“While My Guitar Gently Weeps” by Simon Leng
“While My Guitar Gently Weeps” by Simon Leng: Leng sticks to the music in analyzing George Harrison’s work album-by-album and song-by-song beginning with the early days of the Beatles and ending with “Brainwashed.” And yes, the Traveling Wilburys are included. A great guide to the music of George Harrison. Grade: A.
“Behind Sad Eyes: The Life of George Harrison” by Marc Shapiro
“Behind Sad Eyes: The Life of George Harrison” by Marc Shapiro: Thin, uninformative rehash biography was originally published in March, 2002, just a few months after George’s death, a very quick attempt to cash in on George’s death. And at 231 pages, it doesn’t cover much territory. Skip it. Grade: D.
“The Love There’s That’s Sleeping — The Art and Spirituality of George Harrison” by Dale C. Allison
“The Love There’s That’s Sleeping — The Art and Spirituality of George Harrison” by Dale C. Allison: A book that emphasizes George Harrison’s spiritual side delving philosophically (as much as one can, I suppose) into what George really believed. The last section of the book goes into the spiritual analysis of a long list of individual songs. A book to meditate on. Grade: B.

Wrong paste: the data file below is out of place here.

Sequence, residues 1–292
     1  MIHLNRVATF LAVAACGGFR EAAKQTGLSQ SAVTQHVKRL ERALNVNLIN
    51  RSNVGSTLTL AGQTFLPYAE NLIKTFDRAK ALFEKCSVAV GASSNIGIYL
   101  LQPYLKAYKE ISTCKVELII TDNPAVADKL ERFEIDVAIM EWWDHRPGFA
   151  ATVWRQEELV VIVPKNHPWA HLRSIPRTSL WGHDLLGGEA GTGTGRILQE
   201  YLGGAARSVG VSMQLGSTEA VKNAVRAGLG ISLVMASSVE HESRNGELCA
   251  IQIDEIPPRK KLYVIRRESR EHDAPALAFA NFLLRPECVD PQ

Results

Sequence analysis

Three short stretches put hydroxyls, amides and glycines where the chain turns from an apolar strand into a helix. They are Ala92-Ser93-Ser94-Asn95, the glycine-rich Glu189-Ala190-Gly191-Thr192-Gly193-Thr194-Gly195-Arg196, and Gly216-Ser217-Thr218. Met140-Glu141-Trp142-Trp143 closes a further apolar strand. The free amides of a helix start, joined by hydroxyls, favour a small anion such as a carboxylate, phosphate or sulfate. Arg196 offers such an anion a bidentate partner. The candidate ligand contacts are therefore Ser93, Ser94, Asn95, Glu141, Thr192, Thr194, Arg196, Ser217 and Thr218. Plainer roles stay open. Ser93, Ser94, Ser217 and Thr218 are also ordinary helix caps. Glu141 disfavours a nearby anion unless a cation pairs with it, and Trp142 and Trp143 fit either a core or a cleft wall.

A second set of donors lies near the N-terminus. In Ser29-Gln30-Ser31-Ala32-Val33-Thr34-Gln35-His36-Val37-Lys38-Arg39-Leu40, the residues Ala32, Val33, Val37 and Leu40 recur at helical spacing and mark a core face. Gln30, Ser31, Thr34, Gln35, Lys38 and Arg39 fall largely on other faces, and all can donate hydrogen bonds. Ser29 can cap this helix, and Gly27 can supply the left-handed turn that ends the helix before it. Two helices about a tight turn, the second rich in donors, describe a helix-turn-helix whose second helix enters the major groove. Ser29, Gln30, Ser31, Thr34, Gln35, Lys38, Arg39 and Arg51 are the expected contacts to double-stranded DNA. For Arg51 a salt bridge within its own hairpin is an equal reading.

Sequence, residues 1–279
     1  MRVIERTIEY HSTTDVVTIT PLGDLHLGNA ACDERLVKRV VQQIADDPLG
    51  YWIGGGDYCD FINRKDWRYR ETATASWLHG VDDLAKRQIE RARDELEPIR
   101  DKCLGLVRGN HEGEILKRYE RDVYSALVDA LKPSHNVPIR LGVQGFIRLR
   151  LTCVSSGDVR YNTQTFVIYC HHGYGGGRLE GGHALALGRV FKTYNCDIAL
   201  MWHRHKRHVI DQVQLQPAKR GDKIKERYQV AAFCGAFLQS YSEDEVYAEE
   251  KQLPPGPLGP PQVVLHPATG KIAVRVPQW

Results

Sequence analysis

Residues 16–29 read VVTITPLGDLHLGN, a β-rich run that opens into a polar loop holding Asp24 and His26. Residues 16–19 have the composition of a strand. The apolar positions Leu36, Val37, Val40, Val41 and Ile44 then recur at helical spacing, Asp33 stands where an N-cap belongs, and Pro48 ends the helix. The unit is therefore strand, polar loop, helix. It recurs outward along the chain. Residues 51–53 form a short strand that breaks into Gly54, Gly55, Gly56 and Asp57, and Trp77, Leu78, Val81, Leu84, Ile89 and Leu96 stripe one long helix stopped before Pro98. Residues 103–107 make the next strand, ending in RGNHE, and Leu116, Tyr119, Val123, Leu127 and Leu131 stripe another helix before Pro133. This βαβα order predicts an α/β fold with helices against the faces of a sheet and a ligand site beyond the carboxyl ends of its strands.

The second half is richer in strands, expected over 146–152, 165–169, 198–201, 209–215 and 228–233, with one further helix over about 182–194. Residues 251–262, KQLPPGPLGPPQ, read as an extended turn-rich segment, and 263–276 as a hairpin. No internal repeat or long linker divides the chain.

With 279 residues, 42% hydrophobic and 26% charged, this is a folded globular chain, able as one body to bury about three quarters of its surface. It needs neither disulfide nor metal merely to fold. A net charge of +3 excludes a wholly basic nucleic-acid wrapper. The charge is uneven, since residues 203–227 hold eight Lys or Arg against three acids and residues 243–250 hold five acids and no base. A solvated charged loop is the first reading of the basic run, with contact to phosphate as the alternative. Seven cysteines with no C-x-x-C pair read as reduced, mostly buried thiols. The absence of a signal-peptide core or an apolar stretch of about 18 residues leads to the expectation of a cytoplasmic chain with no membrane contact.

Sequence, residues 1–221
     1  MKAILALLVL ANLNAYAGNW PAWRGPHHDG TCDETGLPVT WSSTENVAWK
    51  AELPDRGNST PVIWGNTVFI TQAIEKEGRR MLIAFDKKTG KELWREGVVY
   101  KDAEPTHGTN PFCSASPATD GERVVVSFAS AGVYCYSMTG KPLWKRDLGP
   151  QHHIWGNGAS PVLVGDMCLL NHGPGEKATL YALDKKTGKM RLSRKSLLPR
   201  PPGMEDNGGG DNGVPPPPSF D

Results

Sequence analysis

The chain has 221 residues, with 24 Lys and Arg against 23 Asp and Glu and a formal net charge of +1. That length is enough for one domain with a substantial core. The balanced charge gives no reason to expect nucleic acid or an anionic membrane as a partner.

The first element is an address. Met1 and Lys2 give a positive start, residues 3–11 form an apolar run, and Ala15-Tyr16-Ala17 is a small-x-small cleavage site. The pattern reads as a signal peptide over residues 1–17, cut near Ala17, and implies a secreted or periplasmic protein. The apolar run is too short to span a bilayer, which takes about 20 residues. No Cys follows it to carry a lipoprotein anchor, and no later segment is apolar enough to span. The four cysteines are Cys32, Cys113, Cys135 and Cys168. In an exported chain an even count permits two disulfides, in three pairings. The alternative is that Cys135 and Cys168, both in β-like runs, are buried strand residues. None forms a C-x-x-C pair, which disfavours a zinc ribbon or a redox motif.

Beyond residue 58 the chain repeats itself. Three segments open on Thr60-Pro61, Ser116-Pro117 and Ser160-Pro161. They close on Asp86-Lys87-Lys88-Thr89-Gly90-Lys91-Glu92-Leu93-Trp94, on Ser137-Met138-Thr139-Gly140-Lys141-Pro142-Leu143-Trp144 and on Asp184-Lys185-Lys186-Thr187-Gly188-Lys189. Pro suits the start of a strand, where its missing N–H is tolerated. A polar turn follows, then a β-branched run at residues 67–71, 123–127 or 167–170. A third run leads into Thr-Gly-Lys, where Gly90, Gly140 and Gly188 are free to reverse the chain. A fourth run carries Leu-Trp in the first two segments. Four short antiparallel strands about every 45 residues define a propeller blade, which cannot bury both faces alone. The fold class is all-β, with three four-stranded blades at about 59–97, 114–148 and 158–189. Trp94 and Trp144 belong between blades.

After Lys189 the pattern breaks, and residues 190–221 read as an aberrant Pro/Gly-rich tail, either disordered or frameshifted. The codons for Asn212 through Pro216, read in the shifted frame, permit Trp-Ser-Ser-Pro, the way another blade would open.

“Here Comes the Sun: The Spiritual and Musical Journey of George Harrison”
“Here Comes the Sun: The Spiritual and Musical Journey of George Harrison” by Joshua M. Greene: Another spiritually based biography of George Harrison. The author says he was a friend and meditated with George. It has an endorsement from Mia Farrow, who said, “Many well-known artists have touched people’s hearts with their music, but few have ever succeeded in touching people’s souls. That was George’s gift, and his story is described here with affection and taste. A wonderful book.” Grade: A-.
“George Harrison” by Jacques Volcouve
“George Harrison” by Jacques Volcouve: Another book analyzing the music of George Harrison. The book looks at not only Harrison’s Beatles and solo works, but also his side projects, like contribution to Rubyhorse and Splinter. But it’s all in French, however, with no English translation. Available through Amazon.co.uk. Grade: B.
“Harrison” by the Editors of Rolling Stone
“Harrison” by the editors of Rolling Stone: Published in April, 2002, about five months after Harrison’s death, this was basically an effort to cash in on his memory with a hardcover scrapbook assembled from the pages of the magazine. Olivia Harrison wrote the foreward. The time-based articles give a as-it-happened perspective. Grade: B+
“The Smith Tapes: Lost Interviews With Rock Stars & Icons” by Howard Smith (edited by Ezra Bookstein)
“The Smith Tapes: Lost Interviews With Rock Stars & Icons” by Howard Smith. Smith’s great interview with George Harrison (the two are pictured on the cover) is just one of the many interviews featured in this illuminating book. Recommended. An audio set of a Smith interview that also includes an Eric Clapton separate interview is available. Grade: A.